U.S. Senator Elizabeth Warren endorsed former Vice President Joe Biden for president on Wednesday, giving the presumptive Democratic front-runner another high-profile backing from one of his former rivals.
"In this moment of crisis, it's more important than ever that the next president restores Americans' faith in good, effective government – and I've seen Joe Biden help our nation rebuild," Warren wrote in a tweet. "Today, I'm proud to endorse Joe Biden as President of the United States."
Warren, a liberal who ended her own bid for the White House last month, gives Biden his third major endorsement of the week, as he looks ahead to November's contest with Republican President Donald Trump.
Biden's chief rival, Bernie Sanders, endorsed him on Monday after suspending his campaign last week, while former President Barack Obama backed Biden on Tuesday, breaking his silence to help his former vice president’s efforts to unite the party and energize its voters ahead of the November 3 election.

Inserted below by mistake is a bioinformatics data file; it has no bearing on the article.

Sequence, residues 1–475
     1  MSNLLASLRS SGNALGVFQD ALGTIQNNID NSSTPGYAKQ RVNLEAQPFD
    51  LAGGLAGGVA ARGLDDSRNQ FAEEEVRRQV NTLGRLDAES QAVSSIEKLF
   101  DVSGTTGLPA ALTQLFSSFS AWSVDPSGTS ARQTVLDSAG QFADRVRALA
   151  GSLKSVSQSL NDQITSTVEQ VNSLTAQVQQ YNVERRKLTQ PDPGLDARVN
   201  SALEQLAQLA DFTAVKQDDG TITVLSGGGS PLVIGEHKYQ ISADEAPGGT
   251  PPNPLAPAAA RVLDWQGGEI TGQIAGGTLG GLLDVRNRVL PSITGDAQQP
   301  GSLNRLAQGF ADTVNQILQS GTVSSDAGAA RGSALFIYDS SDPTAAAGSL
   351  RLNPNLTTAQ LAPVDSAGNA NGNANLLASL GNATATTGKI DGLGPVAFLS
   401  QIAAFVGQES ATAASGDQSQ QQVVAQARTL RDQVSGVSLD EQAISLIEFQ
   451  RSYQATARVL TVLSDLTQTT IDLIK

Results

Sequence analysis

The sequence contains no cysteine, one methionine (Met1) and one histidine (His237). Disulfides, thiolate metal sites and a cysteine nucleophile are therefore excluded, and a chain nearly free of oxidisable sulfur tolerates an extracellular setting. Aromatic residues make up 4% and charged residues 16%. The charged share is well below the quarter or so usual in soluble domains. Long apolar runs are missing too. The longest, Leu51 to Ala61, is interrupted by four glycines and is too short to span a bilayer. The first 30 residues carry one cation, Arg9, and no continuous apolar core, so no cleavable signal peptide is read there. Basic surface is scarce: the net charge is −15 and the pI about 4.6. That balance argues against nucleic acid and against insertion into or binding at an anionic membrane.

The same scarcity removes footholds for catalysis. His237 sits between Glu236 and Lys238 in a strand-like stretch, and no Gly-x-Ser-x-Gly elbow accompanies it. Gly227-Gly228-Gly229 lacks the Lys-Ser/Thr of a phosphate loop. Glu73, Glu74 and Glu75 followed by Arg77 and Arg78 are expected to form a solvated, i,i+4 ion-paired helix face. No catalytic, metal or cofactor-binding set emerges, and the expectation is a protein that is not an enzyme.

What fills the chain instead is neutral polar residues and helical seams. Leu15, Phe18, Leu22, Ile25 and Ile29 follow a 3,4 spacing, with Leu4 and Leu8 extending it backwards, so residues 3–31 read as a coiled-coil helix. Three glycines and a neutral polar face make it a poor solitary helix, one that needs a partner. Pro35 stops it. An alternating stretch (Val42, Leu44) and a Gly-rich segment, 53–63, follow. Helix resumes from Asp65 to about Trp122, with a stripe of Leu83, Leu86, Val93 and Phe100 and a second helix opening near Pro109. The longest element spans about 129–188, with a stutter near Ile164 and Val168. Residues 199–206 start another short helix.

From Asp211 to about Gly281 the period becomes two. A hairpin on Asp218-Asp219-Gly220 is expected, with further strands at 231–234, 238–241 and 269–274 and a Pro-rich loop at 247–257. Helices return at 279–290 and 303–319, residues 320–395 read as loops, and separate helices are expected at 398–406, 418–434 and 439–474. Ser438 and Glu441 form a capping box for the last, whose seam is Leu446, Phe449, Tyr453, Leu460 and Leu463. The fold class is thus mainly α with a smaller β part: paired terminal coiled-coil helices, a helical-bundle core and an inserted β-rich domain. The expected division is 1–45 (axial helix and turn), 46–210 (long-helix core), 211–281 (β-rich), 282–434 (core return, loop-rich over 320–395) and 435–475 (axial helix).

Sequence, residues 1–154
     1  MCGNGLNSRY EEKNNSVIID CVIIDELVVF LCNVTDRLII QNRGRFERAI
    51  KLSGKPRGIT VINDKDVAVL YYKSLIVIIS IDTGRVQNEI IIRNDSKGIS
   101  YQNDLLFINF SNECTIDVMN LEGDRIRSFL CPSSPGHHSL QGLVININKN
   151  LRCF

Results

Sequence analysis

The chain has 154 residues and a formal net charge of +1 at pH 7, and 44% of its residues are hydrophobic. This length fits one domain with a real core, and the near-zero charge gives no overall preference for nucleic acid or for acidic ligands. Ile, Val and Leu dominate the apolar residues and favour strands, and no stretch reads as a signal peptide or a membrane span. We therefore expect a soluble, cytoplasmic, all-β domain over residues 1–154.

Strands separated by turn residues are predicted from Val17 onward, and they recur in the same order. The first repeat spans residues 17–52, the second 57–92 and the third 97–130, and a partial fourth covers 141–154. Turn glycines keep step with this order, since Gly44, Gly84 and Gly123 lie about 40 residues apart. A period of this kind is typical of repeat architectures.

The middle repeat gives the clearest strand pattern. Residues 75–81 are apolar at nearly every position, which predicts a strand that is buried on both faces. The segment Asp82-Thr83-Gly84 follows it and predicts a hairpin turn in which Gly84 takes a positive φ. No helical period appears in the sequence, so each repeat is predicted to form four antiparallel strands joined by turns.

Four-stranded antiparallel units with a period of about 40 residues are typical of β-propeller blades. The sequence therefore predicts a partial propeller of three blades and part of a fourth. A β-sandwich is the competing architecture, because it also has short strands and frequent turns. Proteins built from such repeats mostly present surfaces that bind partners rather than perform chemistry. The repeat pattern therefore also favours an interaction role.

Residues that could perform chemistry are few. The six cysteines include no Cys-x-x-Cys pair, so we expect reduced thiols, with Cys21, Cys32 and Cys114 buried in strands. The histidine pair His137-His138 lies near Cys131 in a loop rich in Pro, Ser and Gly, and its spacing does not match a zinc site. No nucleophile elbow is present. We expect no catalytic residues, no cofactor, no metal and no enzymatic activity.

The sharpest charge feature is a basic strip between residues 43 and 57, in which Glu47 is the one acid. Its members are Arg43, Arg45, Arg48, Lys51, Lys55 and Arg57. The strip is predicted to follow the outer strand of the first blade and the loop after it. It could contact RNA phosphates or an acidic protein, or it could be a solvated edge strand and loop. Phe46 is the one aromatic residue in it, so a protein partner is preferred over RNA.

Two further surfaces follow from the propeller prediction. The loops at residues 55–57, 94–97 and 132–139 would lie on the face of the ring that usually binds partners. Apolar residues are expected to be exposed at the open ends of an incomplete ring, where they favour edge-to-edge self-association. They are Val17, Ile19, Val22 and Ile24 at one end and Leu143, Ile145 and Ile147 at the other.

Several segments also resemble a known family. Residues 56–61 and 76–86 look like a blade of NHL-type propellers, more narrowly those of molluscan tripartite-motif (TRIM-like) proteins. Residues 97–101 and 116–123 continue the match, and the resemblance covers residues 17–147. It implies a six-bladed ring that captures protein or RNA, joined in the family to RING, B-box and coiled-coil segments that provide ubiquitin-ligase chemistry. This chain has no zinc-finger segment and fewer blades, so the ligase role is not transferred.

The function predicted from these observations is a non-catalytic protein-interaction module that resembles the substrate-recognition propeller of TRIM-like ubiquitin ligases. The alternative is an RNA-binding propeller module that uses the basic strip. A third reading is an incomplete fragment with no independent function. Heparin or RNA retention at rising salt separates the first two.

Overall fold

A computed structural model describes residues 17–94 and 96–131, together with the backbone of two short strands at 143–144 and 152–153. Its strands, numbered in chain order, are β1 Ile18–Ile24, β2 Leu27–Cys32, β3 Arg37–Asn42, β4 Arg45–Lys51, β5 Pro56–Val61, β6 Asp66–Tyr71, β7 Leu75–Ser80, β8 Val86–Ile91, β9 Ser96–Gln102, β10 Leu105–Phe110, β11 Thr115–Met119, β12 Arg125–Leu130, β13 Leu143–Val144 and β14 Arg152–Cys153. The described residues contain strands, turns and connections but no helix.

Like Sanders' endorsement, Warren's support for Biden could help him make inroads with the party's left wing.
After staying on the sidelines as a record high number of Democratic candidates fought for the right to take on Trump, Obama gave his support to Biden in a video message.
“Choosing Joe to be my vice president was one of the best decisions I ever made, and he became a close friend. And I believe Joe has all the qualities we need in a president right now,” Obama said in the video.
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The swell of support around Biden gives him a dose of energy and attention at a time when the American public is largely focused on the government response to the novel coronavirus pandemic, which has pushed the presidential race out of the spotlight.
“Because he is so popular and the comparison between President Trump and Barack Obama is so stark, it will be such a unifying, motivating factor,” said Terry McAuliffe, a former Virginia governor and longtime party official.
Obama had publicly remained neutral as Biden, who served him for eight years in the White House, stumbled in early 2020 Democratic nominating contests and then swept to victory in a series of primaries in March.
Trump’s re-election campaign had painted Obama’s endorsement as overdue, suggesting the former president was reluctant to back his former No. 2. But Obama had vowed to stay out of the fractious Democratic race and was only free to endorse once Sanders bowed out last week.
Reuters contributed to this report